# Why does batch norm have learnable scale and shift?

As far as I understand it, batch norm normalises all the input features to a layer to a unit normal distribution, $\mathcal{N}(\mu=0,\sigma=1)$. The mean and variance $\mu, \sigma^2$ are estimated by measuring their values for the current mini-batch.

After the normalisation the inputs are scaled and shifted by scalar values:

$$\hat{x}_i' = \gamma \hat{x}_i + \beta$$

(Correct me if I'm wrong here - this is where I start to get a bit unsure.)

$\gamma$ and $\beta$ are scalar values and there is a pair of each for every batch-normed layer. They are learnt along with the weights using backprop and SGD.

My question is, aren't these parameters redundant because the inputs can be scaled and shifted in any way by the weights in the layer itself. In other words, if

$$y = W \hat{x}' + b$$

and

$$\hat{x}' = \gamma \hat{x} + \beta$$

then

$$y = W' \hat{x} + b'$$

where $W' = W\gamma$ and $b'=W\beta + b$.

So what is the point of adding them of the network is already capable of learning the scale and shift? Or am I totally misunderstanding things?

There is a perfect answer in the Deep Learning Book, Section 8.7.1:

Normalizing the mean and standard deviation of a unit can reduce the expressive power of the neural network containing that unit. To maintain the expressive power of the network, it is common to replace the batch of hidden unit activations H with γH+β rather than simply the normalized H. The variables γ and β are learned parameters that allow the new variable to have any mean and standard deviation. At first glance, this may seem useless — why did we set the mean to 0, and then introduce a parameter that allows it to be set back to any arbitrary value β?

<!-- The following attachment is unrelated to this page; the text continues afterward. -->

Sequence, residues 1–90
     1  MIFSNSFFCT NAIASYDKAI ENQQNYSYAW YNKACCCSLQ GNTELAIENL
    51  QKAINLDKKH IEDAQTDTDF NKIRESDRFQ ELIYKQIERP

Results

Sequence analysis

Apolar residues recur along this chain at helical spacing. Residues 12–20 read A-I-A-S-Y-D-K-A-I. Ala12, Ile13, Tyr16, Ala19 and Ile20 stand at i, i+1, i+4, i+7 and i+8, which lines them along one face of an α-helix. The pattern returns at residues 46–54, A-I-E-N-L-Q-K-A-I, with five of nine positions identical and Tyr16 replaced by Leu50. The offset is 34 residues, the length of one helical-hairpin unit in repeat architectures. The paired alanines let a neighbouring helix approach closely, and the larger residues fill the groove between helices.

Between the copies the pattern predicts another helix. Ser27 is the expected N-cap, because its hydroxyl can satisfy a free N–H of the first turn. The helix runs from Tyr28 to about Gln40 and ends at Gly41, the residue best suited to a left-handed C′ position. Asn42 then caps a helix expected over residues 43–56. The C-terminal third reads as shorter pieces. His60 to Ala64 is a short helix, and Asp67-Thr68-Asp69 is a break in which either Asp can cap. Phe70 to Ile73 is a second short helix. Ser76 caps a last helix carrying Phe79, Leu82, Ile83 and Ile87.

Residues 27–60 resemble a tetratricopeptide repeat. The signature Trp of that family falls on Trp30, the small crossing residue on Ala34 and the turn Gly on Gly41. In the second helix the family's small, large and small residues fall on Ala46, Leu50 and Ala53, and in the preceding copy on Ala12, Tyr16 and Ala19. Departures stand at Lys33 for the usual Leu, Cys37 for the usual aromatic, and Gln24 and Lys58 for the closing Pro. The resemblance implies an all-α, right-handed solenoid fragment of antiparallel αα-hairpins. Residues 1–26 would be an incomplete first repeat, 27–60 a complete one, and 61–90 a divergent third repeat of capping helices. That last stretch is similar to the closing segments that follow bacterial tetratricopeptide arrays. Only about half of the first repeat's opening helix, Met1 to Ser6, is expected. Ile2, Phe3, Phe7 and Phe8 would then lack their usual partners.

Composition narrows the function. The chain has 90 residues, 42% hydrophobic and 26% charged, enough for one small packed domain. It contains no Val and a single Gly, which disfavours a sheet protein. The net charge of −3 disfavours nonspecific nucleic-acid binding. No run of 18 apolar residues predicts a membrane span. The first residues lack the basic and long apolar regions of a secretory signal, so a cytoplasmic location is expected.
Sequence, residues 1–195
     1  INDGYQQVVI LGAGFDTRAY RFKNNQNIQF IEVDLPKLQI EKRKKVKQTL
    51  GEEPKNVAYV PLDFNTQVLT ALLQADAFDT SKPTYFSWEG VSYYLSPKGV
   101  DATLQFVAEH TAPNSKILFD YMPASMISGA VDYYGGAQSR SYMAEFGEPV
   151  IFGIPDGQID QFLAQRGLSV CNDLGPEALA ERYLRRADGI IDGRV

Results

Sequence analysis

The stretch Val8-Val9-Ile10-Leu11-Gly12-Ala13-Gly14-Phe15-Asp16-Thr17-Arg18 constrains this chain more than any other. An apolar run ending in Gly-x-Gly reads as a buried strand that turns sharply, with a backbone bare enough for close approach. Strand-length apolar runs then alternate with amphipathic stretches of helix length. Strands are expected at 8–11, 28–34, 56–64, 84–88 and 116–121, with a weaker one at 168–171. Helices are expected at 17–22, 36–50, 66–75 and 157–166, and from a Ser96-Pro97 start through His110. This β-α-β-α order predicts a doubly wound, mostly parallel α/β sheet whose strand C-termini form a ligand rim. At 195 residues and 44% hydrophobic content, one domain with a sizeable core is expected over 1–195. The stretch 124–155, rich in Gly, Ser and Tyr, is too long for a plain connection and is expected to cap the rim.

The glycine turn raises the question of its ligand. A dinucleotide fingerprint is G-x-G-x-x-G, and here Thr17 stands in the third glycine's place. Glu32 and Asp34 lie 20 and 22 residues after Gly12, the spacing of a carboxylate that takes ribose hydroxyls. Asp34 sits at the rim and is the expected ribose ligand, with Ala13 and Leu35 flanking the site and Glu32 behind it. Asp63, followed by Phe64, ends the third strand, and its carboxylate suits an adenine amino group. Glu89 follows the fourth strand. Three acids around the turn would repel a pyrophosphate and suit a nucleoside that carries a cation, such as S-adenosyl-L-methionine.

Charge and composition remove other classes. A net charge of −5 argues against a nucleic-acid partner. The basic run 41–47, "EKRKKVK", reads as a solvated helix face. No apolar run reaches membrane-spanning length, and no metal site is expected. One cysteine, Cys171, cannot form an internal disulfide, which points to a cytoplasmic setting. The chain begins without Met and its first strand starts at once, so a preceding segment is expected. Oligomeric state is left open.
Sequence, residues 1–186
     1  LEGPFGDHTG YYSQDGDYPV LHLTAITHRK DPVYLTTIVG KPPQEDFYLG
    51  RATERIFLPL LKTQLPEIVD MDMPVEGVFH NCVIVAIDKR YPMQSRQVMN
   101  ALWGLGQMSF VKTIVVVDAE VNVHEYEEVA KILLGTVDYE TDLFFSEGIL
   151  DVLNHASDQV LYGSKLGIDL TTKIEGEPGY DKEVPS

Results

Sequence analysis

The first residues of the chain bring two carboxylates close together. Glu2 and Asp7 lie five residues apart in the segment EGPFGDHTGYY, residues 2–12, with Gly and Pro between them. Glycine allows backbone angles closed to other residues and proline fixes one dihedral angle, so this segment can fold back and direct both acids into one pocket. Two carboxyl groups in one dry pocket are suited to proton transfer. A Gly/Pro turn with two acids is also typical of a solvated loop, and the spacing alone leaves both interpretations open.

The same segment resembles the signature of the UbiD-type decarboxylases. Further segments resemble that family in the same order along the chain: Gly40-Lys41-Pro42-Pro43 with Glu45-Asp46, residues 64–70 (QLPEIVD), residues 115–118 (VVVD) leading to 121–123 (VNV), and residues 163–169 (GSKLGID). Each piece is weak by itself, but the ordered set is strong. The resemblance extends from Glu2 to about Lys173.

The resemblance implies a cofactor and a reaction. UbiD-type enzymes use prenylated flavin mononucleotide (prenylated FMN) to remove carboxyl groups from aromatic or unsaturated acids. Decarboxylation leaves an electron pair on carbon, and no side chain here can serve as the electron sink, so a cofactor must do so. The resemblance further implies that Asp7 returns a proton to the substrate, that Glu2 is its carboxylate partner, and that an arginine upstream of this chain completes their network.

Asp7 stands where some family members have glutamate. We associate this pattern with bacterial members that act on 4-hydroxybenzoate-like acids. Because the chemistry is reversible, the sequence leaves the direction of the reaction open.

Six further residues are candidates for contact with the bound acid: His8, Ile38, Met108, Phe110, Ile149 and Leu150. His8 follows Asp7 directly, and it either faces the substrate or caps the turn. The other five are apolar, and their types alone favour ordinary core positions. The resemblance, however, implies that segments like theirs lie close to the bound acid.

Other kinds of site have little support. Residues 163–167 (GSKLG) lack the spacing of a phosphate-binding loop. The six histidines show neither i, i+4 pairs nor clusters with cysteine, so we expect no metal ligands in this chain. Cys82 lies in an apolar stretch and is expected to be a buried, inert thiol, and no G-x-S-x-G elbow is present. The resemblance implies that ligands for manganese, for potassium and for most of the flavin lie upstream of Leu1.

The answer is that the new parametrization can represent the same family of functions of the input as the old parametrization, but the new parametrization has different learning dynamics. In the old parametrization, the mean of H was determined by a complicated interaction between the parameters in the layers below H. In the new parametrization, the mean of γH+β is determined solely by β. The new parametrization is much easier to learn with gradient descent.

• Still the answer is too vague. And is missing depth. What does better learning dynamic means? Why does SGD works better when the mean is determined only by beta vs when it is determined by previous layers weights and the inputs? I hear all kind of arguments around the shape of the loss function (and how it can be ill conditioned) without batch normalization, but I don’t know if anyone really managed to prove that or measure that experimentally – user25322 Sep 30 '20 at 19:21
• @user25322 papers.nips.cc/paper/2018/file/… this paper is exactly about it. – yasin.yazici Dec 4 '20 at 9:00